Tuesday April 26, 2005

Multi-National Force-Iraq reports there are now more than 155,000 trained and equipped Iraqi Security Forces.

- The duties of each unit and their capabilities vary, but the trend is clearly positive in the development of the forces.
- Recruiting remains strong for both the army in the Ministry of Defense and the police in the Ministry of Interior.

While the general trend of the number of attacks in Iraq has been decreasing since the Jan. 30 elections, insurgent activity has increased somewhat in the past few weeks.

- It is important to keep in mind that weekly numbers of attacks tend to fluctuate. An uptick could be a trend or it could be an aberration.
- Commanders will closely watch the numbers to determine whether the increase indicates more planning, coordination and sophistication on the part of the insurgents.

As Iraqis begin to organize their government and set their country back on track after more than 30 years under Saddam Hussein, insurgents will continue their efforts to create ethnic strife in Iraq.

Creating ethnic strife was one of the goals outlined by convicted terrorist Abu Mussab al-Zarqawi in a letter to al Qaeda leadership intercepted last year. (Link to copy of letter)

Attacks such as the one in Baghdad on a Shiite mosque and the discovery last week of bodies in a soccer stadium in Haditha bear out the insurgents' interest in pitting Iraqis against each other.

With the installation of a new government in Iraq, the insurgents can no longer say they are attacking an occupying force. Iraqis recognize the attacks as being aimed against them, rather than Coalition forces.

Iraqis continue to provide intelligence against the enemy. This improves commanders' understanding of the enemy, which improves their ability to interdict attacks.

Australia is deploying 450 more troops to Iraq, bringing their total in-country to 1,370.

- The added military presence will provide a task group to support the Japanese Iraq Reconstruction and Support Group.

- The Aussies will also train Iraqi forces. (AFIS news story)

Source: DOD


  • Gen. Cody tells aviators technology is on their side (NNDP | EB)
  • Schofield to get Stryker brigade (HSB | EB)
  • Schoomaker congratulates Best Ranger contestants (ARNEWS)
  • Army to ask for $750M transfer to cover costs as war supplemental debate continues (ID/EB)
  • Army mechanics keep wheels rolling into combat (AFIS)


  • Iraqis worried over developing government's stalemate (PI | EB)
  • Iraqi politicians seek formula for negotiations (WP | EB)
  • Sunni to land post as Iraq defense minister (LFT/EB)
  • Guidance issued detailing security handover in Iraq (JDW | EB)
  • Report clears Syria from suspected weapons safekeeping for Iraq (WP | EB)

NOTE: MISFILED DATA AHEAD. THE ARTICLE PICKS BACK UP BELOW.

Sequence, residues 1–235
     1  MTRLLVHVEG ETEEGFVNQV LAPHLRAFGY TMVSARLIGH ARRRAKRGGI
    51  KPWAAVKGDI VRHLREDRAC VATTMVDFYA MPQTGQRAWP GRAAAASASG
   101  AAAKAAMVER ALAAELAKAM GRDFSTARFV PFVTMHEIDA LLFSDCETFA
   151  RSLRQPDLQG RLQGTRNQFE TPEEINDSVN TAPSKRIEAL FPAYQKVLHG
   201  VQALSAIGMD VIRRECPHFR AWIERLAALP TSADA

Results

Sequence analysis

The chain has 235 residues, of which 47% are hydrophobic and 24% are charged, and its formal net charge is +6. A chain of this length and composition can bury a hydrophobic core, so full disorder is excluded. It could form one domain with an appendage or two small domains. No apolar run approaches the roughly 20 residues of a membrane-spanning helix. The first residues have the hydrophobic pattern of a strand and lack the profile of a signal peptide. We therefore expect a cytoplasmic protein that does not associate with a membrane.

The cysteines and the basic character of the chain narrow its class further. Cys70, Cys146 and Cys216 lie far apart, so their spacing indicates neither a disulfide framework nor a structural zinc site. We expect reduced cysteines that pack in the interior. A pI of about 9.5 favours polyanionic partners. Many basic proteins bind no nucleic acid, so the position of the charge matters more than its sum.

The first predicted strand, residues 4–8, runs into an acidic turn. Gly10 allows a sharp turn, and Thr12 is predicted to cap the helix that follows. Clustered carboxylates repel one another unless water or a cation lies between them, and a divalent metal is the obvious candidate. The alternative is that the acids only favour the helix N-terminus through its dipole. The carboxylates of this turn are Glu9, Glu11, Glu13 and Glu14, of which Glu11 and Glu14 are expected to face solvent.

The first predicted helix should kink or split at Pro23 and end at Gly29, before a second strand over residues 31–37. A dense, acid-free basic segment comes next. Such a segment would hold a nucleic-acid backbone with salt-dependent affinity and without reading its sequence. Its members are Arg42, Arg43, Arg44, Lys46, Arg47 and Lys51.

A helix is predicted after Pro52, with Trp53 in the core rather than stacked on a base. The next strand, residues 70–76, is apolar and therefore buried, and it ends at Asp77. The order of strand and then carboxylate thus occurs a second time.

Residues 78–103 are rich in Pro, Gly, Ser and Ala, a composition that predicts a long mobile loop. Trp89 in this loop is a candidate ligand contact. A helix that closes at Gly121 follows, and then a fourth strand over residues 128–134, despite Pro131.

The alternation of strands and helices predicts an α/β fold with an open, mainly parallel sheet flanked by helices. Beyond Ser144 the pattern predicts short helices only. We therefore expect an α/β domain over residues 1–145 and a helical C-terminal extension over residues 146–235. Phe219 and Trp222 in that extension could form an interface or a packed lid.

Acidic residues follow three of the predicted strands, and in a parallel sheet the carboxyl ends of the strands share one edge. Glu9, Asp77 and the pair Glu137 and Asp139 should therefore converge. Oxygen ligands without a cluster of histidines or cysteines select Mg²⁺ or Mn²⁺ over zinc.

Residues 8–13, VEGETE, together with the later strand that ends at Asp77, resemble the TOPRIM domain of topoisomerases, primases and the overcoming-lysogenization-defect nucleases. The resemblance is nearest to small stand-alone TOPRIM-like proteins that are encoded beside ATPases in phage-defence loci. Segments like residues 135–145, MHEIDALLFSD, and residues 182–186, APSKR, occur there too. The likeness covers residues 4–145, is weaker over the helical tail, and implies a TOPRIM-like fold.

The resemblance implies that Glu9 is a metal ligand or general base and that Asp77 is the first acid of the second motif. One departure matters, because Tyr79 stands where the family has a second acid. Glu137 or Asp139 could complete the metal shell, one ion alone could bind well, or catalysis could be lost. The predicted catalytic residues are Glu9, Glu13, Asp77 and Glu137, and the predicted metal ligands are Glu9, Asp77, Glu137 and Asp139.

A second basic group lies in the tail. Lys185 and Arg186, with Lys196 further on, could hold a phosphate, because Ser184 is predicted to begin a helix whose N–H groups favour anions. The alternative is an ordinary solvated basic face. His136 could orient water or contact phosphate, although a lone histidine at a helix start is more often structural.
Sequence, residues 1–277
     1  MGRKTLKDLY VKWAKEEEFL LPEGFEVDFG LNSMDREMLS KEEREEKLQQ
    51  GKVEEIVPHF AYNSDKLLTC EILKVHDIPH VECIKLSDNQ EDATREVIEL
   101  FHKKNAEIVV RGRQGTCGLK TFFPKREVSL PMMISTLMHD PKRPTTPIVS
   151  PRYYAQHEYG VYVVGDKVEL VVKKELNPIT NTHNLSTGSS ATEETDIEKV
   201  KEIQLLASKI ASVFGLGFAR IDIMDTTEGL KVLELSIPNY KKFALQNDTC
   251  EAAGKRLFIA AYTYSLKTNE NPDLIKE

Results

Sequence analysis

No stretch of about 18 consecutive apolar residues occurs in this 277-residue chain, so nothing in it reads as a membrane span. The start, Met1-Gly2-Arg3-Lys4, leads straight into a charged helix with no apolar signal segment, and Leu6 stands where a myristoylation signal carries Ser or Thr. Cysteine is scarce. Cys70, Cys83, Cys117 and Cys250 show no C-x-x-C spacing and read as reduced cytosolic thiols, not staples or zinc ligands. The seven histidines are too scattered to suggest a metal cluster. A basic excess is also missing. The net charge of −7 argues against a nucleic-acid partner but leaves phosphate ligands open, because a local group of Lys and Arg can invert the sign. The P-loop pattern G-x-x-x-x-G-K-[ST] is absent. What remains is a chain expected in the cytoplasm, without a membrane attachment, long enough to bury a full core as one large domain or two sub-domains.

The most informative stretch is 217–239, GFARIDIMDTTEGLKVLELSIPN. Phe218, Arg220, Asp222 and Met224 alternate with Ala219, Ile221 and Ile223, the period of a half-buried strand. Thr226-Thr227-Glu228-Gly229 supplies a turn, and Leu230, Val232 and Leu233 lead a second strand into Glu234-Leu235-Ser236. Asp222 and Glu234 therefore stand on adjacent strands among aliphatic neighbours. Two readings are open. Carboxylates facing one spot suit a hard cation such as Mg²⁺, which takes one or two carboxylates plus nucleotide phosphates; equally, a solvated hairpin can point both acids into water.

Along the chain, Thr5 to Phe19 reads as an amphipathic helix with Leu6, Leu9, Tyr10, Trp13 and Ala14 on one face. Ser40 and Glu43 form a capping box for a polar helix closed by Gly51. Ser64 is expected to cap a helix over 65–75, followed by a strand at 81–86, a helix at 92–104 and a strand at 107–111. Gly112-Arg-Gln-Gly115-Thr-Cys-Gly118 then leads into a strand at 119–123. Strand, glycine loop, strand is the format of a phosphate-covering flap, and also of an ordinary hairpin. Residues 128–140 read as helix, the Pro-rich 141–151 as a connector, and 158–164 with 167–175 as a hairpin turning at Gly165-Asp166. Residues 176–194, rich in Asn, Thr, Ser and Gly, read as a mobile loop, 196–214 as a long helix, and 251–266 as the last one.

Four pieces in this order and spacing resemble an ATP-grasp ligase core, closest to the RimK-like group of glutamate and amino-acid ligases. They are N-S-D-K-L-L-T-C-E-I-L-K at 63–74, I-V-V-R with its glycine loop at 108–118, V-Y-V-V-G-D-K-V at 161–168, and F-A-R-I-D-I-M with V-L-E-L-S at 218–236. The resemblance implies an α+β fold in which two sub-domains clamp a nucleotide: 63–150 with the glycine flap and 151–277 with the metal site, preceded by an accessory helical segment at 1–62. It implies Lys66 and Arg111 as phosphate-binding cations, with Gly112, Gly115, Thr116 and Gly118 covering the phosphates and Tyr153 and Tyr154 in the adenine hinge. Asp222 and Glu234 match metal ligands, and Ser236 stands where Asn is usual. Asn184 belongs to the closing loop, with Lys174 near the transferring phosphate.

• Investigation clears U.S. troops of wrongdoing in death of Italian agent (LAT | EB)
  • Avengers 'gun up' for Iraq duty (ARNEWS)
  • `Buckeye' helping detect IEDs in Iraq (ARNEWS)
  • NTC training readies Guard brigade for Iraq (ARNEWS)
  • Ft. Polk center trains troops for life in Iraq (DFP | EB)
  • Allied patrols attacked in Afghanistan (NYT | EB)
  • "The Afghan dilemma" -- Opinion (WT/EB)


  • Homeland Security demands long-term commitment (AFIS)
  • Pentagon agency raising profile of its humanitarian work (DD/EB)
  • BRAC list could look very different this year (TH | EB)
  • N. Korea: UN sanctions considered 'declaration of war' (PI | EB)
  • "N. Korea, 6, and Bush, 0" -- Opinion (NYT | EB)
  • Russian president says country will pursue democracy on its own terms (NYT | EB)
  • China, Indonesia agree to strategic partnership (IHT | EB)
  • U.S. considers stronger approach toward Venezuela (NYT | EB)


  • Farewell ceremony marks end of Syria's involvement with Lebanon (Aljazeera)
  • Serbian general suspected of war crimes surrenders to The Hague (Aljazeera)
  • King Fahd of Saudi Arabia commits to stamping out terrorism (Arab News)
  • Kuwait making plans to improve border security (Arab Times)
  • Termination of military program with Venezuela unjustified, says U.S. (El Universal)

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We had elections in Iraq and Afghanistan because we had boots on the's going to be a long time in my view before we're going to be able to influence people, control terrain, and control populations, and to influence people in a personal way from outside without putting people on the ground. (Transcript)

Gen. Peter J. Schoomaker
Chief of Staff of the Army


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